- Three gives its first look at its 2023 line-up.
- The first poll of the Hamilton West byelection has revealed the state of play about five weeks out from polling.
- And have a go at our weekly quiz!
Jacinda Ardern has launched Labour’s annual conference with an invocation of Norman Kirk, the venerated party leader who became prime minister 50 years ago, in December 1972. She told the conference – which is hosting an exhibition devoted to Kirk, who died after a little over a year in office – that they should draw on his legacy, his “sweat, vision, drive, necessity”.
Ardern urged an audience of around 300 in Manukau, south Auckland to reflect on five years of achievements, to “refresh and rejuvenate for the year ahead, to remember why we are Labour. So after five years of progress, let’s keep going.”
The entertainment continues this evening with a Kirk themed talk by Sir Bob Harvey and karaoke. The three-day conference, which will see the changing of the guard in the party presidency from Claire Szabó to Jill Day, concludes on Sunday afternoon with the leader’s address.
The first conviction for sabotage in New Zealand’s legal history has been given out in court today.
Graham Philip, an anti-vaccination campaigner, pleaded guilty to seven charges. As the Herald reported, the details of Philip’s offending – including what he was attempting to sabotage – cannot yet be published.
A sentencing will take place on December 1 and Philip faces a maximum time in prison of 10 years.
Stuff’s Paula Penfold said Philip was planned as a subject of her Fire and Fury documentary centring on the parliamentary occupation. However, due to the court case, his story could not be told.
American celebrity Chrissy Teigen has rejected claims by a New Zealand baker that she ripped off her products.
Earlier in the week, Jordan Rondel – best known as The Caker – took to social media with allegations her range of cake kits had been copied by Teigen. The pair had previously collaborated together on a cake kit.
“I’ve taken a week to try to process everything and could say a lot more,” Rondel said. “I think you guys are right that this particular situation isn’t chill, especially because we’re just a small sister run business.”
Now, in a statement to Rolling Stone magazine, a spokesperson for Teigen’s Cravings brand has hit back at the claims.
“Images posted on social media by The Caker team compared the front of our box and the back of their own,” they said.
“The front of their packaging is different from the photographic approach we took, with their design trending to be a solid, bold colour, which is actually a sleeve rather than the traditional box style we have used.”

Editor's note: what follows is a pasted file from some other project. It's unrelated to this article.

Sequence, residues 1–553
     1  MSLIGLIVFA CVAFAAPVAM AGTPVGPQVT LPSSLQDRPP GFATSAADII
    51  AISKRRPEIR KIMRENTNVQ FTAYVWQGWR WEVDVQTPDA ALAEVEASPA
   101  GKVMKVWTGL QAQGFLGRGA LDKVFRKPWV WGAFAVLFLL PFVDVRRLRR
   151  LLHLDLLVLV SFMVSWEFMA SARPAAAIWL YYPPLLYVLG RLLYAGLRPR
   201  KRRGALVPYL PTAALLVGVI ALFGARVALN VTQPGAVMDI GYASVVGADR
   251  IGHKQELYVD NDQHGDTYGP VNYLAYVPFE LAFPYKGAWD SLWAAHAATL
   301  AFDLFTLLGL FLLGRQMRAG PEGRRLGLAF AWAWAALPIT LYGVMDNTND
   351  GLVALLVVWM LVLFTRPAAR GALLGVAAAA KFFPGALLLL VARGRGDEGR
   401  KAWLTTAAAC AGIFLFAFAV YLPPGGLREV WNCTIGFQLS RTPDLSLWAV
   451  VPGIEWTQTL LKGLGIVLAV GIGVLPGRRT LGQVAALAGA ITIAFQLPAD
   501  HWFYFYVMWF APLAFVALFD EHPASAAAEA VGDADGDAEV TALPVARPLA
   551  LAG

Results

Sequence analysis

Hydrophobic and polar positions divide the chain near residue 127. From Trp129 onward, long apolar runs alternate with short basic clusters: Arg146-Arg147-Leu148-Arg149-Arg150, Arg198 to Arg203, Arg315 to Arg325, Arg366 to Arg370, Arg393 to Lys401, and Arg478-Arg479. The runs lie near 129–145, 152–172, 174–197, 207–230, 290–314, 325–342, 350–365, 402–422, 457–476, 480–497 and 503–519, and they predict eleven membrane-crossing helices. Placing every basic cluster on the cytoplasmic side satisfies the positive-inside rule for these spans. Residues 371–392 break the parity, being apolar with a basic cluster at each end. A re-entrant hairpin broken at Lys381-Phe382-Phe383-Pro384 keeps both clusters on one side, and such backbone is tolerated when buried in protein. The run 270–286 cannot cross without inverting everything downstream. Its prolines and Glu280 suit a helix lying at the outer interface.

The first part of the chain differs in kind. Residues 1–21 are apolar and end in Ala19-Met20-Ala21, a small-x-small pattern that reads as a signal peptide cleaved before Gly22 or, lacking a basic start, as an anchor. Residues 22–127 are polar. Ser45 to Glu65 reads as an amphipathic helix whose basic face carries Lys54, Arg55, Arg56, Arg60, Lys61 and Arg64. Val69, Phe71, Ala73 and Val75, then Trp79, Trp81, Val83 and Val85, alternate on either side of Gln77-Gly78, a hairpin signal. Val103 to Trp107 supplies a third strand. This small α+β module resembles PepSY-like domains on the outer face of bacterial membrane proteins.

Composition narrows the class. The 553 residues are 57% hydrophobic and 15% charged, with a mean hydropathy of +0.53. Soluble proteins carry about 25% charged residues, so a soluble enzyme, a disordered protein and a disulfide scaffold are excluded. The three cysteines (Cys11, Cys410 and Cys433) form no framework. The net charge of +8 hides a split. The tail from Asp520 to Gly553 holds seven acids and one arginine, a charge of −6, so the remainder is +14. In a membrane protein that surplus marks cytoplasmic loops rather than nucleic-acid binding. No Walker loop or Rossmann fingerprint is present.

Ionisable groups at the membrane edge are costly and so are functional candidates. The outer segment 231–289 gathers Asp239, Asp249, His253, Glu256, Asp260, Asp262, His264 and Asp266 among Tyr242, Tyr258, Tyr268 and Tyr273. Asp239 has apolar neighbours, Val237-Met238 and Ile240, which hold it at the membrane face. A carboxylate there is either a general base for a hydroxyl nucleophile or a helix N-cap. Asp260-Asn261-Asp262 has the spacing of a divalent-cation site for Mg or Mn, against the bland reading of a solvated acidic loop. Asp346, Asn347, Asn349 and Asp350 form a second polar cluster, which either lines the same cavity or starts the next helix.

It’s been a busy week in news – but how much have you been paying attention to it all? Test yourself in our weekly quiz below!
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It seems remarkable that 2023 is already just around the corner, but indeed it is and our telly networks are already hyping up next year’s schedule.
Last night I attended the Warner Bros Discovery upfronts for 2023 for what was an entirely bizarre evening, meaning that I attended alone and was surrounded by people far more important than me. Between glasses of bubbly I attempted to make polite conversation with the likes of Dom Bowden all the while realising I was probably the only person without a plus-one.
Nevertheless, I eventually settled down for an intense 90-minute presentation from a handful of WB Discovery talent and staffers as the network outlined its 2023 slate.
Here are my big takeaways.
ThreeNow is going to be less shit: Three’s streaming service is widely viewed as the worst. It has a janky interface that often collapses under the pressure of a mere Chromecast and is incompatible with a lot of modern TVs. Those in the room seemed to acknowledge this (I heard someone snigger at the mention of ThreeNow’s existing display). And in 2023, it’s going to improve. Key to that is the introduction of FAST Channels – or Free Ad-Supported Streaming Television. TVNZ+ has already got there, but it’s promised ThreeNow will soon have “exciting new content… and a portfolio of channels that will grow over time”. The interface will also be getting an update, thankfully, and additional investment in content will come too.